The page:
Friday, 4 July 2014

The Bastard Pleasure by Sean McGrady

Reviewer: Rebecca Johnson Bista, winner of WWJ’s inaugural First Page Competition and now writing a novel set in India. She blogs very erratically at: when she isn’t painting fences, watching Bollywood movies, Googling terrorists and pirates, or entertaining cats.

What we thought: Short, dark, mordantly funny, poetic and philosophical. Not an easy read but a rewarding one. The novel centres around a single event – a raid on a Belfast bakery by a sectarian organisation – and its aftermath, but explores the passage to self-knowledge and adulthood of its narrator, Seamus, through his relationships with family, colleagues, his faith and his work at the bakery.

Sean McGrady’s novel falls into the genre of “Belfast Noir” – intense, gritty, laconic, violent stories of the ‘Troubles’ of the 1970s and ‘80s, delivering gallows humour in a rasping Belfast accent. Yet it is also more than this. It’s a novel about words and ideas and identity. It’s an investigation of evil, a meditation on the effects of religion on society, and on the darkness of spirit that emerges from lives dominated by oppression and brutality. It is a story of fear and defiance, of the locked-tight repression of emotion in a violent city, of a will to freedom and power, and of raw survival instinct. What choices have to be made to survive – who does one have to be – to be victor not victim in the midst of conflict? And at what cost to the human soul? Why do some people choose lives of violence and what motivates their acts of calculated ruthlessness? How does language control and shape those identities?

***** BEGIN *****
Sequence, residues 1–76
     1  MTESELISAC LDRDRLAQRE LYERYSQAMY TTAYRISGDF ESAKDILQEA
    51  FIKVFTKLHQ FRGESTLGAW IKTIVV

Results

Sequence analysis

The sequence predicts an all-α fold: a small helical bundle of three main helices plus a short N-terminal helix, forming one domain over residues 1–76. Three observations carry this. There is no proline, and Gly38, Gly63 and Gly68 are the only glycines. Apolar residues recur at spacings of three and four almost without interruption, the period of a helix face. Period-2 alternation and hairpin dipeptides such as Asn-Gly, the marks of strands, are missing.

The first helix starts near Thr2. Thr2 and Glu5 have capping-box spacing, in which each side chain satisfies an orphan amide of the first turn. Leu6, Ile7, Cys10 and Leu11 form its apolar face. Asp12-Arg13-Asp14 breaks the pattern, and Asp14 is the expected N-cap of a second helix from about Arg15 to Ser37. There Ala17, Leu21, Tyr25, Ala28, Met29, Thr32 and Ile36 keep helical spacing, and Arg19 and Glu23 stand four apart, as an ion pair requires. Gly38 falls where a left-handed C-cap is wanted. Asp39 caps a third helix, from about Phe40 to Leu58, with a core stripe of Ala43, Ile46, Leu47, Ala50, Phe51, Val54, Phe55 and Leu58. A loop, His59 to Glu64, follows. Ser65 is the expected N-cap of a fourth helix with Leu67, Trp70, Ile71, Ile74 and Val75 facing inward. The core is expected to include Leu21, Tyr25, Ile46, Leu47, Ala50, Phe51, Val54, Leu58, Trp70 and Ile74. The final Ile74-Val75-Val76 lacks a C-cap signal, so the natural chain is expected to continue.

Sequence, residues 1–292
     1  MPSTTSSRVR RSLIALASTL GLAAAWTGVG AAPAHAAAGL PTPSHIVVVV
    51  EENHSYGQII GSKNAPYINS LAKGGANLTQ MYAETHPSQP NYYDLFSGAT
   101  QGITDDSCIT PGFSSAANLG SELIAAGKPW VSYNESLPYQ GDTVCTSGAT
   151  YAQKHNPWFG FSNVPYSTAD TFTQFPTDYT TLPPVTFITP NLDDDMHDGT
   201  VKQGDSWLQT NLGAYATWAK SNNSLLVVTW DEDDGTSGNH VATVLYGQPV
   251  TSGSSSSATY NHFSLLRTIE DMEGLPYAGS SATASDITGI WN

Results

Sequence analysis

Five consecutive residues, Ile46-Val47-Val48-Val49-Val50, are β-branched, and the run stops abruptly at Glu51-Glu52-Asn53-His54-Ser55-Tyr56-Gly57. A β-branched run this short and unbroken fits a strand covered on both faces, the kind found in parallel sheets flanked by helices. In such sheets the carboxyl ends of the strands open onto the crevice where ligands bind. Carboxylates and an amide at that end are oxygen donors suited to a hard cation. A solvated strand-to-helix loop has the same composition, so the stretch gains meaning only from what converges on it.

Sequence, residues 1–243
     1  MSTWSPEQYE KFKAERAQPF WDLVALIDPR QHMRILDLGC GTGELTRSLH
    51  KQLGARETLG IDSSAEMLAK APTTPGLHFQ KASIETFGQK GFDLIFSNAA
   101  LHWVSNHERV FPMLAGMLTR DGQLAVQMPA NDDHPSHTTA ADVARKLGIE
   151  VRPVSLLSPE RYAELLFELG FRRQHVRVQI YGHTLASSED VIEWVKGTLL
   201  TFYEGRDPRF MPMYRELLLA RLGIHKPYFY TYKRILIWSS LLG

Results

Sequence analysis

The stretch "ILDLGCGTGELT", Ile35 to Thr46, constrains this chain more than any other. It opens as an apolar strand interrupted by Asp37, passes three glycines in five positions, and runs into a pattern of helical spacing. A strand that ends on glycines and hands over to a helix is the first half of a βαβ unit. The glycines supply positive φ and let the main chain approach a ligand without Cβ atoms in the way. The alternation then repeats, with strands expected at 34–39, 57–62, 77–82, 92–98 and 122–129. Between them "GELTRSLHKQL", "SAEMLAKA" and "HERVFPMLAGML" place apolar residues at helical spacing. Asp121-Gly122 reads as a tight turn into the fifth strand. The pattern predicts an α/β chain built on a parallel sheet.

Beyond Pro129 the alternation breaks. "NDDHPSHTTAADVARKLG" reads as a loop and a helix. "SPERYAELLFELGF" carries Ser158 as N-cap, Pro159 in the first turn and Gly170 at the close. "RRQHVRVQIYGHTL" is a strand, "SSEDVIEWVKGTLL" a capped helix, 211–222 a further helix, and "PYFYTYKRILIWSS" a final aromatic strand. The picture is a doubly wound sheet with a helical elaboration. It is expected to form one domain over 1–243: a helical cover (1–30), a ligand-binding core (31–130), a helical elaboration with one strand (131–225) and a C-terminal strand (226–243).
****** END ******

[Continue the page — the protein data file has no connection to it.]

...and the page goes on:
The plot follows the thoughts and confessions of a young man who works in the bakery as a slave of the production line, and is seduced into an abusive relationship by an older colleague whom he eventually turns on and betrays. His first person narrative is a rationalisation of this bloody act. The impact is devastating.

McGrady’s language is magical, in contrast with the bleakness of setting and action. It is shot through with strands of philosophical dialectic, acerbic character assessment and salty dialogue. The darkness of the subject matter is pierced with diamond flashes of humour and the caustic music of Ulster speech. It’s impossible, even in your head, not to read it in a broad Belfast accent. It is also powerful and profound, turning and twisting different concepts, wrestling and bending them with metaphor, transforming them alchemically into something else.

“The father gave me what almost amounted to formal lectures in weaponry as we listened on still evenings to the gun battles raging around the city. His verbiage was delivered, like an artillery barrage of the trenches in World War One, pounding me with words and exploding spittle, until I was ready to offer my unconditional surrender on the grounds of hygiene.”

I was blown away by this flawed but dazzling novel. The first chapter is hard to get into but once the plot kicks into action with the virtuoso set-piece of the bakery scene I was transfixed by its brilliance. It is visceral, dark and captivating, sulphurously lyrical, perverse and triumphant, challenging, witty, brutal and unforgettable.

You’ll enjoy this if you like: Spinoza, Nietzsche, film noir, metaphysics, Samuel Beckett, Glen Patterson, Elmore Leonard.

Avoid if you don’t like: bad language, violence, philosophy, graphic sexual depiction, Belfast accents, the dark side of human motivation, fire and brimstone or bakery goods.

Ideal accompaniments: Full Ulster fry, pint of Guinness, and chocolate ├ęclairs, consumed to a soundtrack of Rum Sodomy and the Lash by the Pogues, or Stiff Little Fingers’ Alternative Ulster.

Genre: Belfast noir, literary fiction.

[Sean McGrady is a former philosophy lecturer born and bred in the Belfast of the Troubles and now living Yorkshire.]

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